Tuesday, March 21, 2006

Beyond THE FUTURE: World Water Day

World Water Day March 22, 2006

Consider life without clean water…no water for showers or baths or cooking or washing clothes, not even water to drink. Then consider the fact that more than 1 billion people worldwide lack access to clean, safe drinking water. In 1992, the U.N. General Assembly designated March 22 as World Water Day to draw international attention to this critical issue.

This year, WorldWaterDay2006.org has partnered with Starbucks, Ethos Water, and various non-profit organizations to initiate a comprehensive effort to raise the profile of World Water Day. Check out WorldWaterDay2006.org to see how you can get involved in a Walk for Water in one of 11 cities nationwide or on-line. (The Walk for Water event was inspired by women in “water-stressed” countries who walk miles every day just to get water for their families.) Then help spread the word that people in our world lack such a basic necessity as clean water. It’s the least we can do.

Thursday, March 16, 2006

Beyond FACTS: DOES ANYBODY ELSE LOOK LIKE ME? by Donna Jackson Nakazawa

I’m not sure how I missed this book until now. Published in 2003, Does Anybody Else Look Like Me? A Parent's Guide to Raising Multiracial Children is exactly the type of book parents of mixed-race children need. We identify with true anecdotes and quotes from people in families like ours, not statistics. We seek specific insights into what our children feel and what they need from us, not generalities and overviews of typical crises children of mixed race supposedly are doomed to endure.

My first-grade daughter recently asked, “Am I black, or am I white? I don’t know.” When we talked more she revealed a friend had asked about her skin color and she hadn’t known how to answer. I thought we’d covered this issue enough to prepare her for such questions, but apparently reading a few books and talking about her parents’ backgrounds hadn’t been enough. She wanted to know specific details regarding her, not anyone else in our family. Ultimately she decided that rather than saying she’s “in between” being black and white, she prefers to say she’s “both”—she’s black and white and (I assured her many times!) she’s wonderful. I explained that it’s fine for her to offer friends details about her family if she wants to, but she shouldn’t ever feel obligated. My daughter returned home from school the next day to report that she’d told all this to her friend and her friend had understood. I’d assumed things would work out fine, but I have to admit I was relieved to see how happy my daughter was with the current outcome. I knew we’d face many more challenges down the road, but at least this immediate challenge had been addressed and put to rest...for now.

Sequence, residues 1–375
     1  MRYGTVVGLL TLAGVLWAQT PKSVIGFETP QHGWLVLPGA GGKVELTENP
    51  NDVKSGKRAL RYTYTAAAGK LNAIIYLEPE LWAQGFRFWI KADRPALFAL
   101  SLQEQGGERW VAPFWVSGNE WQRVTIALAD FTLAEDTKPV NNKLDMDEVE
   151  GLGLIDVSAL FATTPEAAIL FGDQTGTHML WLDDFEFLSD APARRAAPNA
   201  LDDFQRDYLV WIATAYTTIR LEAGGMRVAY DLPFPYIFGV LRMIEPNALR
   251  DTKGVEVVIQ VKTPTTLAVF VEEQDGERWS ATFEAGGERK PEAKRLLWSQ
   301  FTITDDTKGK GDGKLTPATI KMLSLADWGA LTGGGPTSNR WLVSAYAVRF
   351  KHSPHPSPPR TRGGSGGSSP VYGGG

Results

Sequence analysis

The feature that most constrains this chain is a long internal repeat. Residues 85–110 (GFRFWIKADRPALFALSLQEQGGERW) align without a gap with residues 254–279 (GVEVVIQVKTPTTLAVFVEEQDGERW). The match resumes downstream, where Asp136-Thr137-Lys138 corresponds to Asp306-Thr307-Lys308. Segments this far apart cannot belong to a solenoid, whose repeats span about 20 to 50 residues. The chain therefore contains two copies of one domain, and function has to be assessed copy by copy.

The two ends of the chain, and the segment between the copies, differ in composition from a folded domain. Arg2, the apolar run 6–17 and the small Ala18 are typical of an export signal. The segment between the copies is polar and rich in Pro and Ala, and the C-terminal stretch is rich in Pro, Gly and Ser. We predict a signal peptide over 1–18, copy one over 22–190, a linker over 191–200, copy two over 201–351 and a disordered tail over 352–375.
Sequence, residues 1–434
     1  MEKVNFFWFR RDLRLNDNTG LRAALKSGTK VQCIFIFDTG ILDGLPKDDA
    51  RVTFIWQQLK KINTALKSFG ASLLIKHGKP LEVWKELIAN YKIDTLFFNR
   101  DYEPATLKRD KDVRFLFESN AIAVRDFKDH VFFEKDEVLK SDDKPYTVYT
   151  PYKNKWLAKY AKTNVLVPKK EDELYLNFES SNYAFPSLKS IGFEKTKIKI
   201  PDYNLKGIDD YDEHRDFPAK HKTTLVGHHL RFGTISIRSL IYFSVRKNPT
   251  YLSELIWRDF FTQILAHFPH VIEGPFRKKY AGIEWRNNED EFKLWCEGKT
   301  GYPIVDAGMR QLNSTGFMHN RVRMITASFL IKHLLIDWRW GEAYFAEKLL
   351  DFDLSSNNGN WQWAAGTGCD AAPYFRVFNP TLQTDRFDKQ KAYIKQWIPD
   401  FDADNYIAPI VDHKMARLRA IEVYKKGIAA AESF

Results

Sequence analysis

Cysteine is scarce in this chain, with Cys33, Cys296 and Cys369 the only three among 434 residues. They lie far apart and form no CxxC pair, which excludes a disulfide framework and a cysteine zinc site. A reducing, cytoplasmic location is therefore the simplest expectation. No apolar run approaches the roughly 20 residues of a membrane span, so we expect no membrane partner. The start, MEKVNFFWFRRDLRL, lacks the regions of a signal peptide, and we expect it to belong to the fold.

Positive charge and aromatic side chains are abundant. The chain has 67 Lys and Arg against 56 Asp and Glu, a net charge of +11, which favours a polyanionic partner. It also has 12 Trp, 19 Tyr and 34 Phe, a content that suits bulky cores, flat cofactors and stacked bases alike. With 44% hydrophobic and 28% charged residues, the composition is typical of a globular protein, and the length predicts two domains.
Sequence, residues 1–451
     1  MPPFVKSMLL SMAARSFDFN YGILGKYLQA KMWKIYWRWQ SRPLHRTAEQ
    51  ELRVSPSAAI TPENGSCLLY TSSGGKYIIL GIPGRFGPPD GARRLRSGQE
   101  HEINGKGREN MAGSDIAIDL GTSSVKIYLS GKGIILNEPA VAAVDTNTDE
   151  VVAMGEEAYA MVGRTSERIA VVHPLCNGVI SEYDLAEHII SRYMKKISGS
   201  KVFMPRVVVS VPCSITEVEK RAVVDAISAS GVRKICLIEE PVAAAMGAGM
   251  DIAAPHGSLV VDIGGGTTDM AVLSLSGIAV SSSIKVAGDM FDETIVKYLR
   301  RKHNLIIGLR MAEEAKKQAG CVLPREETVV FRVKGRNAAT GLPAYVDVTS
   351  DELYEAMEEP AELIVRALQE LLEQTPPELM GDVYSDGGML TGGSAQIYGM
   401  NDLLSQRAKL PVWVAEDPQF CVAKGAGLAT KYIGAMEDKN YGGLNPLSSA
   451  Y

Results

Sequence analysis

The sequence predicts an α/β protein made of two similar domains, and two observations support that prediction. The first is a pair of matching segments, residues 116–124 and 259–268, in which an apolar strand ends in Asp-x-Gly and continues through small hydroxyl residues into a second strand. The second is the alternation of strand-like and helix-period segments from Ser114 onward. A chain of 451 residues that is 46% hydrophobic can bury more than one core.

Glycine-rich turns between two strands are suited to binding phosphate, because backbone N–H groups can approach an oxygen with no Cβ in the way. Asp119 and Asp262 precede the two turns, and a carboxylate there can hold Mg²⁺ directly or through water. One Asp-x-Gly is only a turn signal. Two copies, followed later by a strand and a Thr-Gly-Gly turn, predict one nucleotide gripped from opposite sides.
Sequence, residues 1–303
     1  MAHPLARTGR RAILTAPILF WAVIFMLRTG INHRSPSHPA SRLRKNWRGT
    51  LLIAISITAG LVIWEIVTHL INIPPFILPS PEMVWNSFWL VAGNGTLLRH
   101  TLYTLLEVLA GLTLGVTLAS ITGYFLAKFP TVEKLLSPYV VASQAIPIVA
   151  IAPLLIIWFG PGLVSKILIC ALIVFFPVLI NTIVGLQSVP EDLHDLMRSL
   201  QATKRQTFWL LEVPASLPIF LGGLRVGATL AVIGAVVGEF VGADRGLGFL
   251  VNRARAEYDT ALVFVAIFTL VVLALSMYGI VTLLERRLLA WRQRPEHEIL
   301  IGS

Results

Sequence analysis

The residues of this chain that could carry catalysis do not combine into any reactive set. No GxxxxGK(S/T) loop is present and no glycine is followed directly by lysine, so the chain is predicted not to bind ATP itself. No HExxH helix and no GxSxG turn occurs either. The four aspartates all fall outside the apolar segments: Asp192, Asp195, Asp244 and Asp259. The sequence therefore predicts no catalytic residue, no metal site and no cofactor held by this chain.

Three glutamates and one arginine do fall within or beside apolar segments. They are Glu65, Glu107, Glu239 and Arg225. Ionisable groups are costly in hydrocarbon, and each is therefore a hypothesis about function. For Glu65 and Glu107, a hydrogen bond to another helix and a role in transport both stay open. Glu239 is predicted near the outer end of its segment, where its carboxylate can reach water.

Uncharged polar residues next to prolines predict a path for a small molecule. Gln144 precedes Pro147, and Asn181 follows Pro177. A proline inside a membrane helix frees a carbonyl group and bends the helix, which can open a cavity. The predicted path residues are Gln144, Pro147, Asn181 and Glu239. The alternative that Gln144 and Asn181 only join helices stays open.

I’ll be reading Donna Jackson Nakazawa’s book soon in hopes of learning many more strategies for approaching this tricky subject with my children. Does Anybody Else Look Like Me? features chapters that cover special issues for all age groups, recommended reading lists for children and teens, and chapter titles such as “Who Do I Match—Mom or Dad or Anyone?” Boy, do those words sound familiar…!

Thursday, March 02, 2006

Beyond THE FUTURE: The ONE Campaign

You’ve seen the white wristbands, the slick photos of (very) high-profile celebrities, maybe even checked out the comprehensive ONE Campaign site. Now watch the thirty-second spot that’s making its way around the Internet, add a link to your own site, maybe even buy a few of those wristbands or a hip t-shirt or even copies of the book that complements the ad. Whatever you do, take one minute to read about the historic Campaign to Make Poverty History, then take one more to add your e-John Hancock to the ONE Declaration to fight global AIDS and extreme poverty.

Founded by an impressive array of organizations that includes Bread for the World, CARE, International Medical Corps, International Rescue Committee, Mercy Corps, Save the Children US, World Concern, and World Vision, the ONE Campaign works closely with the National Basketball Association, Rock the Vote, and the Millennium Campaign and is supported by Bill and Melinda Gates and the Bill & Melinda Gates Foundation.

“We believe that allocating an additional ONE percent of the U.S. budget toward providing basic needs like health, education, clean water and food, would transform the futures and hopes of an entire generation of the poorest countries.” This is more than a slick ad campaign, folks. Jump in and see how you can help, one step at a time. You can start by clicking here.